Renovation of NIC building still in state’s plans

Seiter one of three projects building proposal keeps

BOISE – Despite Idaho’s budget crunch, a proposal to spend $4.3 million to renovate Seiter Hall at North Idaho College is still in the state’s spending plans, and it may well be funded next year.

“It should stay, because NIC is short of classroom space,” said Rep. Frank Henderson, R-Post Falls.

Sen. Jim Hammond, R-Post Falls, said it might cost as much as $12 million to rebuild the structure. “So if we can remodel that for a third of the price, it’s great for our community,” he said.

The Coeur d’Alene community college wants to remodel the 1970s-era building into modern classrooms for its growing student body.

“The buildings don’t know we’re in a recession,” Tim Mason, administrator of the state Division of Public Works, told legislative budget writers Wednesday. “A year from now the things that are wrong with the buildings will still be wrong, and they’ll be worse.”

The budget proposal for the state’s Permanent Building Fund, which covers construction, maintenance and repair of state buildings, has been scaled down significantly for new construction. But Mason said the fund’s advisory council still supports maintenance and repair work.

The division has dropped plans for a new maintenance shop building for the Department of Correction in Orofino and a major expansion at the Idaho State Historical Museum.

Other than general maintenance and repair work, only three specific projects remain in the state’s building proposal for next year: the Seiter Hall renovation; $2 million toward University of Idaho efforts to repair the Kibbie Dome; and a $312,000 land purchase for the Department of Lands in St. Maries, where a state-owned $1.1 million building is now on land leased from the city. The lease, Mason said, has a condition: “If they don’t buy it by June of 2010, they have to vacate and either take down their facilities and get them off the land, or just leave it.”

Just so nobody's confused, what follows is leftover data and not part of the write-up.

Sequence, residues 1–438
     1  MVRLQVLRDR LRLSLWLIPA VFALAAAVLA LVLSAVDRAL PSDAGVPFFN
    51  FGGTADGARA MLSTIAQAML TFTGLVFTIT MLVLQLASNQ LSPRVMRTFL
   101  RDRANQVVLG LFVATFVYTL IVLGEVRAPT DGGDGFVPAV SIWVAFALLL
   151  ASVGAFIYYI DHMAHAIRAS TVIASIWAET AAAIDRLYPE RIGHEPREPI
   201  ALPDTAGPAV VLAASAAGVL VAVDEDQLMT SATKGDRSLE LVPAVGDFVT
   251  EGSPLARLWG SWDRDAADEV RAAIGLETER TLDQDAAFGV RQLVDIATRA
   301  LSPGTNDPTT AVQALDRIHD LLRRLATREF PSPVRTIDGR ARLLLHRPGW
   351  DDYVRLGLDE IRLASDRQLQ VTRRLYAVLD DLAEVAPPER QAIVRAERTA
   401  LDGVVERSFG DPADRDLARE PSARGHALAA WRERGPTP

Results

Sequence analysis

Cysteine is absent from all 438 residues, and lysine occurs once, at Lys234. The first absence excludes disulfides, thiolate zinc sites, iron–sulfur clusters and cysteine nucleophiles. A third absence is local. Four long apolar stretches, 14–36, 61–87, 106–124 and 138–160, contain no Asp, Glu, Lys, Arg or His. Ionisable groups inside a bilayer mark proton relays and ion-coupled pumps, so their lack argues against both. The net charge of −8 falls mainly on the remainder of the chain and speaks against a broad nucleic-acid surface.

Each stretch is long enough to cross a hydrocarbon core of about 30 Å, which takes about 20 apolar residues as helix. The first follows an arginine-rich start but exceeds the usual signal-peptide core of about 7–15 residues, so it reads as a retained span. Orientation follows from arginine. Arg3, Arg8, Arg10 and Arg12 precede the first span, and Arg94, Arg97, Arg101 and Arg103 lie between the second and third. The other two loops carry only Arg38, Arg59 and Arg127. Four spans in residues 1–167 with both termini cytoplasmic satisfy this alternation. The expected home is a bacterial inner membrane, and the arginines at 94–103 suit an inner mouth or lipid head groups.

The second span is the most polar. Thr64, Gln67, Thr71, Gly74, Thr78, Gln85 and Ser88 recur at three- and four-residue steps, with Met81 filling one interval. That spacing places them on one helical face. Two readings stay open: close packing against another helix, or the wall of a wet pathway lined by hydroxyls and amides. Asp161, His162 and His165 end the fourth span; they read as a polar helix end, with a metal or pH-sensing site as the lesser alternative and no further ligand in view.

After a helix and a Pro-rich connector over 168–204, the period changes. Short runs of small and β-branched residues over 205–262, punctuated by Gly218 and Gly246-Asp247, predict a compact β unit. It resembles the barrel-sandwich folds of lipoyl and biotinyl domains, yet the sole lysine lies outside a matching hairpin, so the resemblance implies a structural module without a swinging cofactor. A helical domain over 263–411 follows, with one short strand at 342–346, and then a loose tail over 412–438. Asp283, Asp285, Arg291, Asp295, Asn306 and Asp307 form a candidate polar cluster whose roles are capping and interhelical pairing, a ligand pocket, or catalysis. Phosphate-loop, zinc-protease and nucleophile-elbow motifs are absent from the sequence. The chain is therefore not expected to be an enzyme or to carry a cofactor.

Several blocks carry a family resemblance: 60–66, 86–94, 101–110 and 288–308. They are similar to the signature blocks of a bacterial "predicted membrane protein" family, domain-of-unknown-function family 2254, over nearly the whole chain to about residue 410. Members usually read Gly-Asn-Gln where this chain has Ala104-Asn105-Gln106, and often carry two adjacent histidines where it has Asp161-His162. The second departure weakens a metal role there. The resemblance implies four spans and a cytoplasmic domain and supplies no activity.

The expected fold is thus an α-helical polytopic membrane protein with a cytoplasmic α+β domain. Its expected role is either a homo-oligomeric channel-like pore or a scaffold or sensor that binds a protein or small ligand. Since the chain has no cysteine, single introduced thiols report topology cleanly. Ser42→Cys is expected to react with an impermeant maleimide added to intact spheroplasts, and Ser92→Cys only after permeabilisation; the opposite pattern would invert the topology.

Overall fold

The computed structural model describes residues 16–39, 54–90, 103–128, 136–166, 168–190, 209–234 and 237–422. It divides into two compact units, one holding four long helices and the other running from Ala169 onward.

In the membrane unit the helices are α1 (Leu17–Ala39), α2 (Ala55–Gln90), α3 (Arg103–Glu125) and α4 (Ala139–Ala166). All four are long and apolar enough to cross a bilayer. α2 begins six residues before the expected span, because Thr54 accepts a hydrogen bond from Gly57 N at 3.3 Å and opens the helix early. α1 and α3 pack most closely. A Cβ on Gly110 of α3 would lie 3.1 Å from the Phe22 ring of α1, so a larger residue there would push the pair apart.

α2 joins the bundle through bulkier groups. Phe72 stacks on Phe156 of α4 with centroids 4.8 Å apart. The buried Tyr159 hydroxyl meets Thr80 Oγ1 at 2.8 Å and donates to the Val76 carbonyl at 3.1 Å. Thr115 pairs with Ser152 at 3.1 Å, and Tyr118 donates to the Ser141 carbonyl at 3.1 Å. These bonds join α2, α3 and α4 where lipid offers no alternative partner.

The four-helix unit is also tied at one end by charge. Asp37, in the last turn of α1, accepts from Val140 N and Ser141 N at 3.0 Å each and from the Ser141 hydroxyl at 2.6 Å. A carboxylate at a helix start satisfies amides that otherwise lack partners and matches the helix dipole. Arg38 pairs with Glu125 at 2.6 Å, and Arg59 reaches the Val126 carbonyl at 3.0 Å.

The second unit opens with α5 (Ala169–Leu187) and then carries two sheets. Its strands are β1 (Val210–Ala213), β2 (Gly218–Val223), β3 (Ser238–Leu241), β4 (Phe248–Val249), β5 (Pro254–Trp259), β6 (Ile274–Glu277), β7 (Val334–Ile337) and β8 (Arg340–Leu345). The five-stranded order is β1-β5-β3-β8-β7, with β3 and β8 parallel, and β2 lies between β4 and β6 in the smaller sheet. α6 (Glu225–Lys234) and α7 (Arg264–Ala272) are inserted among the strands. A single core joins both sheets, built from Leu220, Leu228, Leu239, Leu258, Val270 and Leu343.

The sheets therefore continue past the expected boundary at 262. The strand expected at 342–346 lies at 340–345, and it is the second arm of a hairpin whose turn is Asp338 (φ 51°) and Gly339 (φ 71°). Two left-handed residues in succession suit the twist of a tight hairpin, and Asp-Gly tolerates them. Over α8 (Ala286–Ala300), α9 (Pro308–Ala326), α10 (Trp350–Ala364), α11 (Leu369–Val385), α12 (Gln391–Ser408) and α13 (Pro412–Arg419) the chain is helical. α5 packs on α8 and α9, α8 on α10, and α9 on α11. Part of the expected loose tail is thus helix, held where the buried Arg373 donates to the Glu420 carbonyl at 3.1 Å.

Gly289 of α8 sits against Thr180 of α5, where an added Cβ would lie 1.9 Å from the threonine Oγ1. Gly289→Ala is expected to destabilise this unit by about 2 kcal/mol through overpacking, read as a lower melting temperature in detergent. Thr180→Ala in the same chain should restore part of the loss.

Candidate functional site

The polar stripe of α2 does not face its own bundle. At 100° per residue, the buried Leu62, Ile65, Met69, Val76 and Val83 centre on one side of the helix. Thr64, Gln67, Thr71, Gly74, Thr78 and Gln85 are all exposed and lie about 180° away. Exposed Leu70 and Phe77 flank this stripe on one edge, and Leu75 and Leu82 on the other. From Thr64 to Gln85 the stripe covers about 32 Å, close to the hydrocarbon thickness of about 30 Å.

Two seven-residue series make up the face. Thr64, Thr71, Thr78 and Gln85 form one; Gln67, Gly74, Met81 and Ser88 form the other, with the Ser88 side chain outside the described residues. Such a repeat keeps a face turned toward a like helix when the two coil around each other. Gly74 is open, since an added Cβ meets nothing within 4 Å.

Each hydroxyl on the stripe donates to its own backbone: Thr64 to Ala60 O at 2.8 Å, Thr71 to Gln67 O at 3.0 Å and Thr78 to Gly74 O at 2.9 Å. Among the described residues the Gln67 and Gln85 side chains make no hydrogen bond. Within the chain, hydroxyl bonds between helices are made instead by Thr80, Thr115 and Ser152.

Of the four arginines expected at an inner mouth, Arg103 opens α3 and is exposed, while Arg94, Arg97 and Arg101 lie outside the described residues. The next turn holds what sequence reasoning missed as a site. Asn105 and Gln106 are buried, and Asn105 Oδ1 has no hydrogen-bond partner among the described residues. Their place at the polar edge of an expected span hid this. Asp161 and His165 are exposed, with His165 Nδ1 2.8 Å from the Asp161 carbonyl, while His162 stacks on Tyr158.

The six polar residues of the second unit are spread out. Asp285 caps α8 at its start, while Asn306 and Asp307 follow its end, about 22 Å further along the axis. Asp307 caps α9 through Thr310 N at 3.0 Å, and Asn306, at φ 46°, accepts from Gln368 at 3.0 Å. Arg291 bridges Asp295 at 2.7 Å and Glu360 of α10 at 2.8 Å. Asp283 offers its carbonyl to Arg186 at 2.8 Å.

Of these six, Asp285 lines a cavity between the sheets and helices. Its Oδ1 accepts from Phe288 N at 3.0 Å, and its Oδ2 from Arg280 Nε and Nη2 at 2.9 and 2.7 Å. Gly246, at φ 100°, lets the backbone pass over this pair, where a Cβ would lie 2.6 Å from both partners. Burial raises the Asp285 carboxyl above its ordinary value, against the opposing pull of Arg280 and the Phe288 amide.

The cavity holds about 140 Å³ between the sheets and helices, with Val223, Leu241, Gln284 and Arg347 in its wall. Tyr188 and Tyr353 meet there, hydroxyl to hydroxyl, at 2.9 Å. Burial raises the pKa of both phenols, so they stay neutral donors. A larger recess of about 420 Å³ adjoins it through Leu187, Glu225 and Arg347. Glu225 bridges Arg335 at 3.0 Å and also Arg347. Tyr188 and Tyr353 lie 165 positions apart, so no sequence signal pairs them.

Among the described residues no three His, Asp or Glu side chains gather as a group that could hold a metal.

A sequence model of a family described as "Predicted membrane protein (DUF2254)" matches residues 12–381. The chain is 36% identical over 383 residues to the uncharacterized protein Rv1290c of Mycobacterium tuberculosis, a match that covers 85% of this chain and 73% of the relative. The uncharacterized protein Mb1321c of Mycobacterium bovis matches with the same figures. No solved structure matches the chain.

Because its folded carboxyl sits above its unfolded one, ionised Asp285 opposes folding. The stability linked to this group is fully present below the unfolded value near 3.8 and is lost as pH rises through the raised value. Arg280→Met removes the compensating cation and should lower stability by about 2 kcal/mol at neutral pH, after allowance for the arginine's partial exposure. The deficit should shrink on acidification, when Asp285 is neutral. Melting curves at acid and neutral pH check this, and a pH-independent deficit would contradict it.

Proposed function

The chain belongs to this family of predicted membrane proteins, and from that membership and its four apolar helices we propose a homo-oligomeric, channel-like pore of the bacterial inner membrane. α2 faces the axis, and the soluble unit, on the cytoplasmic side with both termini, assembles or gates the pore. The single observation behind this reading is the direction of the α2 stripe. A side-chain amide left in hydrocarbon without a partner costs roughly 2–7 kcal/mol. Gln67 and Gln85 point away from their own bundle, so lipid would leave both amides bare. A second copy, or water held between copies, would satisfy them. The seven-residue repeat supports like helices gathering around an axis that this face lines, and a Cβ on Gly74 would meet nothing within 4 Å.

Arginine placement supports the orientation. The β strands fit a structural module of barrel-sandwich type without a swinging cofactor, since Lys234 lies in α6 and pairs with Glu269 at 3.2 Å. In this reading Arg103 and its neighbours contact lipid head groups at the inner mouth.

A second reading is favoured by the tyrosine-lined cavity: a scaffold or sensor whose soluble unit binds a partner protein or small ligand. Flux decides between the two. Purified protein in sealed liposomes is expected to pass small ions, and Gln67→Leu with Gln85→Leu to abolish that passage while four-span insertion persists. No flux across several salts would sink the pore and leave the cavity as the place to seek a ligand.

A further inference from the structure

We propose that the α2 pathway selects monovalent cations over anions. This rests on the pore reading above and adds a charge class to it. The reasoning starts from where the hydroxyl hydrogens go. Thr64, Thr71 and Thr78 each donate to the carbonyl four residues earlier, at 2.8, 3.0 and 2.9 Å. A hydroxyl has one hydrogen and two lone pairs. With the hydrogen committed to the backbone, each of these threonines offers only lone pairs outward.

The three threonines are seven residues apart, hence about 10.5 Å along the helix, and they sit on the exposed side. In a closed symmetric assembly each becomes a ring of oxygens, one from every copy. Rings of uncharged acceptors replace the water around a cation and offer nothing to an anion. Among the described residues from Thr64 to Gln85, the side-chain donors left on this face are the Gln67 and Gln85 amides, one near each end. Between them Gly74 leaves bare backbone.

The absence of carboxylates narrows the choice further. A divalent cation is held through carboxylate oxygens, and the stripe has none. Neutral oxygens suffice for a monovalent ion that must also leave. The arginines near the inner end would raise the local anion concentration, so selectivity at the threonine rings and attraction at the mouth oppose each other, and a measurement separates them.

With the economic downturn, bids and costs are lower, Mason said, and it’s a good time for the state to make repairs and perform maintenance, if it can.

Lawmakers won’t make the final call until they set the state’s budget, a process that starts Feb. 23.

Senate Finance Chairman Dean Cameron, R-Rupert, said he thought there was “a decent chance” the Seiter Hall project could win approval, but he added that lawmakers never expected to pull back the museum project, which last year was approved for $5 million in funding. Lawmakers withdrew the money after state revenues slipped.

House Appropriations Chairwoman Maxine Bell, R-Jerome, told Mason, “We’re in quicksand. We don’t jerk new building money lightly, nor do we allow new buildings to start when it may mean people would be laid off from schools or … (go on) food stamps. … It’s a tough dance we’re doing.”

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